In my last post, BreezeJS Makes Client-Side SharePoint 2013 REST Development a… BREEZE!, I introduced you to the Breeze library and demonstrated how it can make your life as a SharePoint client-side developer easier. However not all things are point-&-click in SharePoint land, right? In this post I’ll walk you through the “why” part Breeze doesn’t work out of the box (OOTB) with SharePoint’s REST API and the “how” you can get around it to make it work for you.
In order for Breeze to give you all the awesome things I touched on in the previous post, it needs to have a client-side understanding of the data structures on the server. This is exactly how LINQ or Entity Framework works… it needs context… or a data context. OOTB Breeze has a server-side component that you can snap onto Entity Framework data contexts and other server side options. But this isn’t required… which is good because in today’s world of SharePoint development we should try to stay away from using the server-side API if possible.
There is also a client-side component you can use on it’s own. One cool thing about this piece is you can point to an existing OData service and Breeze can request it’s metadata (using the
$metadata operator) and generate the entities on the fly for you.
Breeze understands OData metadata responses so you’re thinking “fantastic… the April 2013 Cumulative Update for SharePoint 2013 and thus SharePoint Online added the
$metadata operator!” Unfortunately it’s not that simple. There are a few issues with SharePoint’s OData implementation as it stands today that cause issues for Breeze:
Have you ever inspected SharePoint’s OData metadata default response? I’m talking about just a simple site using the Developer Site or Team Site template? It’s over 600kb! That means every page that uses Breeze would need to request this… that’s a damn expensive request for each page!
This has been something I’ve wanted for a long time. Unfortunately batching, which is part of the OData specification, hasn’t been implemented by the SharePoint team as of this post. This would allow us to batch a lot of requests (like multiple updates, deletes or inserts) into one HTTP request like we can with the client-side-object-model (CSOM). Unfortunately Breeze uses batches to issue any HTTP POST… which is the right thing to do to cut down on the number of requests.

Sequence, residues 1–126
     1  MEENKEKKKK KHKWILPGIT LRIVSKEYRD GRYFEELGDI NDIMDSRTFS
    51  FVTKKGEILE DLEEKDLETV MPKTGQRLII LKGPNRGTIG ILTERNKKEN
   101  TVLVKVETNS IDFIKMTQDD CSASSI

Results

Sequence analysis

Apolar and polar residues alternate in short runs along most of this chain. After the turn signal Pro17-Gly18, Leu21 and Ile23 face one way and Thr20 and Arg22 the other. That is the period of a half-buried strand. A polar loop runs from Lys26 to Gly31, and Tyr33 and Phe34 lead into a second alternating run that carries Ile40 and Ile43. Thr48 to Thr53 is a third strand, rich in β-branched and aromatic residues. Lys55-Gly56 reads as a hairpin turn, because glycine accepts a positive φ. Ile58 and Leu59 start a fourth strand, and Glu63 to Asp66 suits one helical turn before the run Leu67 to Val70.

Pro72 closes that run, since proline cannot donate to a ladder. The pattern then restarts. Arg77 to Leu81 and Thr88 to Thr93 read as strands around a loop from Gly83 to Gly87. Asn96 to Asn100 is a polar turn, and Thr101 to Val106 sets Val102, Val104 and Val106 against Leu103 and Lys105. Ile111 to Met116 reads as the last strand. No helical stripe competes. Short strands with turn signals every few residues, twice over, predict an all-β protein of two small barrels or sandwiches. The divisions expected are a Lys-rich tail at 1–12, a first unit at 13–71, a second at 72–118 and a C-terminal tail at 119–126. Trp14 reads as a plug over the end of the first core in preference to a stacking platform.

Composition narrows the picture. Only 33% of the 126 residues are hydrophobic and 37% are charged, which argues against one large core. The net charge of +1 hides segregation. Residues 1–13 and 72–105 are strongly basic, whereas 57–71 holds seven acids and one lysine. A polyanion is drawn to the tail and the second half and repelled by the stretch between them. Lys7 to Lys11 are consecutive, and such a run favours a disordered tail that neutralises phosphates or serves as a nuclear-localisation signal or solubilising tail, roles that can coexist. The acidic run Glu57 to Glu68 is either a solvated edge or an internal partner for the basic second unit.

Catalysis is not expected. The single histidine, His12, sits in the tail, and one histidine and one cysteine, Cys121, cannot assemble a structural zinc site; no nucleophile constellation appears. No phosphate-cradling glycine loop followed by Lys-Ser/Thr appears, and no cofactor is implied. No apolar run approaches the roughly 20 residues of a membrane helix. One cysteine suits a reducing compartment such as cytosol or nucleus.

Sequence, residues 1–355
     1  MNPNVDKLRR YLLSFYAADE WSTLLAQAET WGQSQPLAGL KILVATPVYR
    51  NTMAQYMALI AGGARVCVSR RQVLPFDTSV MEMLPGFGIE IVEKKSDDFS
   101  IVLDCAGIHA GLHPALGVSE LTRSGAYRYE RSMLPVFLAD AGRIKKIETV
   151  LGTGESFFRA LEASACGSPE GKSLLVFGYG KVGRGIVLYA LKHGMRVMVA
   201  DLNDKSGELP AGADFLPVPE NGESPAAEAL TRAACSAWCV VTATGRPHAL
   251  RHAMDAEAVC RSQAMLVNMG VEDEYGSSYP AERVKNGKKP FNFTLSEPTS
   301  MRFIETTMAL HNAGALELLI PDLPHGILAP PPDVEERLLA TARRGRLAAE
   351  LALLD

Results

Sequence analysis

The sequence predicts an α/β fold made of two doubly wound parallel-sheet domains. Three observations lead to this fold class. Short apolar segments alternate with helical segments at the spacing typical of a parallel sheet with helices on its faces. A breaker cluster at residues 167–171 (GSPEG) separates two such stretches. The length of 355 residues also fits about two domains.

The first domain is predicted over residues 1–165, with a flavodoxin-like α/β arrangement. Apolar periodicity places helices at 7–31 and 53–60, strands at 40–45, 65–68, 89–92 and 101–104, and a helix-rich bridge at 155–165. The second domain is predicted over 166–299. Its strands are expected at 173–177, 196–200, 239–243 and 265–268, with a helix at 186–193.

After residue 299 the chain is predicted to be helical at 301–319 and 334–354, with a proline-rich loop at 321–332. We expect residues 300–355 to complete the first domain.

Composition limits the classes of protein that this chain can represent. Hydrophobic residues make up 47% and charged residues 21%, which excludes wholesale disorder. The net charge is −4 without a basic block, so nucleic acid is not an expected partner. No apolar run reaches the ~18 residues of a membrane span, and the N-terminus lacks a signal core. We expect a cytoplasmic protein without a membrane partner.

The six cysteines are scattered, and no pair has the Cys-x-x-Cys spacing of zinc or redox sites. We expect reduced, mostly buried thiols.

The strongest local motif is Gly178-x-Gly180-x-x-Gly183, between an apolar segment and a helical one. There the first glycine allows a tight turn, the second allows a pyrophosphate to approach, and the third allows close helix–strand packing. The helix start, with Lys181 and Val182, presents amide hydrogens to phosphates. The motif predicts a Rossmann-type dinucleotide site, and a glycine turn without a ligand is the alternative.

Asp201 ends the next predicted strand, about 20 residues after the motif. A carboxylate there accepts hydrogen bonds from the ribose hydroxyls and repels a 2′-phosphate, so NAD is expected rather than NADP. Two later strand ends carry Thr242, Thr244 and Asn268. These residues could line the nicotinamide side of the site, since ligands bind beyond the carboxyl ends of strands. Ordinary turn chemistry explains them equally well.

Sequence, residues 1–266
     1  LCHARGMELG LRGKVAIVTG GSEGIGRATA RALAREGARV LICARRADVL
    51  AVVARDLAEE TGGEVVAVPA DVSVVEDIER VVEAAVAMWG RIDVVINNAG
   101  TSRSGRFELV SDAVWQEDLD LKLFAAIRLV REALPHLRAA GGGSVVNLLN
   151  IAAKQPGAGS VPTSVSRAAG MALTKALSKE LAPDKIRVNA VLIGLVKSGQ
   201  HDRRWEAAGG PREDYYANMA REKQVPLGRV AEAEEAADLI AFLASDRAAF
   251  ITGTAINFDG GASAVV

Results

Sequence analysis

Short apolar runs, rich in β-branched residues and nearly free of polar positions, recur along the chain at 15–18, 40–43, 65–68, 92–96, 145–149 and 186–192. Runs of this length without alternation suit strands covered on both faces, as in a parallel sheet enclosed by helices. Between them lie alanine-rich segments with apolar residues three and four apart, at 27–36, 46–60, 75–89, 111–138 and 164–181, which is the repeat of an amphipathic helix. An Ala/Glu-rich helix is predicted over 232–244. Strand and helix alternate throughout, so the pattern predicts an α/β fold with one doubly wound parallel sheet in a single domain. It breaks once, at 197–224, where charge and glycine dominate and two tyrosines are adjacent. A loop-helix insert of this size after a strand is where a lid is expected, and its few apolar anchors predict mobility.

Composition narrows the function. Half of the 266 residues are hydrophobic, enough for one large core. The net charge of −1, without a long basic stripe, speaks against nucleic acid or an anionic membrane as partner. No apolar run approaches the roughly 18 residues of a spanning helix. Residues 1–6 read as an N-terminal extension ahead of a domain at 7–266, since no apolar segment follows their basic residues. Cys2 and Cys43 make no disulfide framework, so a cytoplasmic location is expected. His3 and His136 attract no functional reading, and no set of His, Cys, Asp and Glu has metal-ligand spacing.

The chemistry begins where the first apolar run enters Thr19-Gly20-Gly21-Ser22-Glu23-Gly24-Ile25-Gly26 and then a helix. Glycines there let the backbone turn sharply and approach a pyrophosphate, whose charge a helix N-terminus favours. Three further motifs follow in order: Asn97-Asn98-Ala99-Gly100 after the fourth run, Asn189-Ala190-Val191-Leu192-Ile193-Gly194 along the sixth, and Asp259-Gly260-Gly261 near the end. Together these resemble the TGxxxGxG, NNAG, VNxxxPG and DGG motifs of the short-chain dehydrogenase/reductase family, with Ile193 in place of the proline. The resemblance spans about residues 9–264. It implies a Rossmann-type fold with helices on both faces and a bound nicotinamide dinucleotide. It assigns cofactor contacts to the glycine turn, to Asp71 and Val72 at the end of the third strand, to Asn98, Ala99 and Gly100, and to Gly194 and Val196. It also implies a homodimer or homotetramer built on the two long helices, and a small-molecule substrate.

Some of these fall back to the fact that SharePoint’s OData API was implemented as some HTTP and OData specifications were being updated, so they were left to create some of their own implementations. For instance, the requirement that all HTTP POST and DELETE requests include the
X-RequestDigest in the header. Also if you are updating items and don’t want to overwrite the whole object, but just the fields you supply it, SharePoint doesn’t use the HTTP MERGE verb, rather you issue an HTTP POST with a
X-HTTP-METHOD header set to MERGE.
Breeze has no idea about these things or how to deal with them unfortunately.
There are a few artifacts within the SharePoint OData metadata response that Breeze simply doesn’t understand. Now I’m not passing judgement on who’s fault this is because it doesn’t really matter… the other two issues are significant enough to be non-starters.
For more information on working with Breeze and SharePoint, check out my
upcomingnew Pluralsight course, coming soon in March 2014now available: Building SharePoint Apps as Single Page Apps with AngularJS. Module 5 is all about using Breeze with SharePoint.*
What’s cool here is that there is no dead end at this point… even though I’ve painted a pretty grim picture. See, the guys who wrote Breeze at IdeaBlade were smart enough and have the forethought to make it an extensible library!
A few weeks back I sat down with Ward Bell, one of the brains behind Breeze and did a good bit of paired programming over Skype to resolve this. My job was to educate him on how SharePoint worked, his job was to take that knowledge and map it to Breeze. What we came up with was a slick addition to the Breeze Labs: a SharePoint Data Service Adapter.
Basically this library, which you can get via a NuGet package Breeze.DataService.SharePoint overrides how Breeze natively handles OData services and adds logic to handle SharePoint’s OData service! This brings Breeze support to those developers using the SharePoint 2013 OData [REST] API you have in SharePoint 2013 On-Premises and SharePoint Online in Office 365!
You will have to write a tiny bit of configuration code, telling Breeze to use this data service adapter and how to obtain the value for the
X-RequestDigest header to use on HTTP POST and DELETE requests.
Another thing you’ll have to do is create the metadata to give Breeze for the lists you want to talk to in SharePoint. Why? Well, Breeze has some issues with the metadata response in the SharePoint OData service. But not only that, you don’t want to let Breeze build that dynamically because (1) you are looking at a minimum 600kb download for every single page that uses the Breeze library and (2) you are always going to get the whole feed, so you’ll be building a massive metadata model in the client within Breeze, bloating the memory requirements of the page and the page load time.
In my next post, Getting BreezeJS to Work with the SharePoint 2013 REST API, I walk you through the steps you need to employ to get Breeze working with the SharePoint 2013 REST API.comments powered by Disqus